I realise that having started this there is an obligation for me to be available for these students – but that’s one of the prices we pay when we work with Web2.0 tools. Another obligation is teaching them responsible use – I’ll let them have a fairly loose rein for this week while they’re learning what different areas do and teach them about appropriate posting and responses.

I’m happy because my students are excited about using technology in this way.

Thanks to the guys at Edmodo – you’ve got a winner here.

To teach or not to teach, that is the question …

Hamlet said:

To be, or not to be, that is the question:
Whether ’tis nobler in the mind to suffer
The slings and arrows of outrageous fortune,
Or to take arms against a sea of troubles
And by opposing end them.

My deliberate misquote is about teaching. It comes out of a conversation I’ve just had with my DP where he told me some of his past parents are complaining that their children are bored at high school because they’re being taught maths they learned 2 years ago while in his extension maths class.

That reminded me of a twitter conversation I had with someone about some of the ways I’ve been using ICT in my classroom and how high schools need to catch up. It also reminded me of a conversation about the ‘luddites’ – those who resist using new technology in their classrooms. It used to be that we should wait for them to catch up. Now the thought is that we should continue our ICT/e-learning journeys in spite of where they are at. Some will eventually catch up; some will never catch up.

The question therefore is this: do we as primary school teachers with a passion for e-learning, ICTs, unlearning & relearning, follow our passion or do we sit back and wait to see what the high schools are going to teach? At the moment it seems that in many areas primary school teachers are leading the charge.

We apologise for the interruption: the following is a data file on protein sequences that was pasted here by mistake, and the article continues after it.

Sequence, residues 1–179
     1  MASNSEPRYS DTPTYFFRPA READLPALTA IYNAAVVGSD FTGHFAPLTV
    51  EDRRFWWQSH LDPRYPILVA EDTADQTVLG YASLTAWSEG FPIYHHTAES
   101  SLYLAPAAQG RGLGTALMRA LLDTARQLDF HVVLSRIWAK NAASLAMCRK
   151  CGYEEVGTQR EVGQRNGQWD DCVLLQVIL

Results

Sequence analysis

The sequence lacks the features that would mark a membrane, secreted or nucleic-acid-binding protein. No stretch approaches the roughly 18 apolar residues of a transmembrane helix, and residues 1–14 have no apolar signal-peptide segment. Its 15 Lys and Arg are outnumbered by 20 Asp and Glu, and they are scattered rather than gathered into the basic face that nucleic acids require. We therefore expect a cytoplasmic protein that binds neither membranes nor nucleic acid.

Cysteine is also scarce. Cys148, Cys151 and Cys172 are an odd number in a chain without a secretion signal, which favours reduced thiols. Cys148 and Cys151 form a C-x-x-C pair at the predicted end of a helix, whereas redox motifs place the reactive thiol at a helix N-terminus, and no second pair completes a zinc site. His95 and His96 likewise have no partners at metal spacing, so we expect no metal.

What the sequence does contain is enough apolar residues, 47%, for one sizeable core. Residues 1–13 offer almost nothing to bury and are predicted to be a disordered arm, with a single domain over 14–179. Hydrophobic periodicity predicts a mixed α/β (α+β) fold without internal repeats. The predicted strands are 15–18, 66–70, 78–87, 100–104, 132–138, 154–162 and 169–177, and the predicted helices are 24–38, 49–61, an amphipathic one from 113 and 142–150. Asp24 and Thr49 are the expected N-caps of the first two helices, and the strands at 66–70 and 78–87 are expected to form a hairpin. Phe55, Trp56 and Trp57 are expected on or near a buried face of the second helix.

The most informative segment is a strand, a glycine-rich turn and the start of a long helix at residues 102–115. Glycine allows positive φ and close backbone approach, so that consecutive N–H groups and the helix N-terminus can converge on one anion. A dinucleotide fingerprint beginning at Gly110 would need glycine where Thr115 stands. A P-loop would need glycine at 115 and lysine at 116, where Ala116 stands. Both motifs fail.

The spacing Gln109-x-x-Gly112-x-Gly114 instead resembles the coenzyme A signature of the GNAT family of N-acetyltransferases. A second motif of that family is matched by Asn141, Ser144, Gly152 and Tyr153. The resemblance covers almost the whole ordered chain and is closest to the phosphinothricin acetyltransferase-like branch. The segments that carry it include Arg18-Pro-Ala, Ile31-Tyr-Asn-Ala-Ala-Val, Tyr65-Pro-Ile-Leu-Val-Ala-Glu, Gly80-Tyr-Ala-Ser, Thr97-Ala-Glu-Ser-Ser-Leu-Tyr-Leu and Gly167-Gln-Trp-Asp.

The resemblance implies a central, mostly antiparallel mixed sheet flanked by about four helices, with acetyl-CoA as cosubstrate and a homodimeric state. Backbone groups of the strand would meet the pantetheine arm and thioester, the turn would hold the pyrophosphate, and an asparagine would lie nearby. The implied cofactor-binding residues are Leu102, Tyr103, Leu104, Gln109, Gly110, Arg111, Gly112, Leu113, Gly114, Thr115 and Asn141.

Another question is this: do I, as a passionate advocate for integration of ICT into all areas of my teaching and learning within the classroom environment, go with ‘the flow’ or do I stick my neck out and go with my passion? What will happen to students in my class who go into a classroom next year where e-learning isn’t central?

My decision (well – not really mine alone – my DP and Principal support me) is to continue to lead the charge in e-learning – and hopefully enthuse and encourage others to join me (and it is happening).

I guess the next question is this: how do we draw others along with us on this fantastic e-learning journey? For it is a fantastic journey and it’s one where we’re not the only teachers – my students (7-9 years old) teach me things all the time – and I wouldn’t have it any other way.

Inspirational Teachers

It’s not the technology in our classrooms it’s the passion and vision we have. This via Justine (Rt:@NZChrissy RT:@Shareski Via @ujdmc)

Twitter woes

Twitter is a fantastic tool – it’s been part of my online PD/PLN since I first signed up. But I woke up on July 28th to discover that my twitter account had been suspended! I immediately filed a support request to have it reinstated but have had no luck yet.

In the meantime I created a new account and am using that.

This is the shot from my @dragonsinger57 account
This is my new @KiwiJoe90 account
This is my new @KiwiJoe90 account

As you can see I have a little way to go. This time I’m concentrating on adding educators – if you were one of my @dragonsinger57 friends please add @KiwiJoe90 too.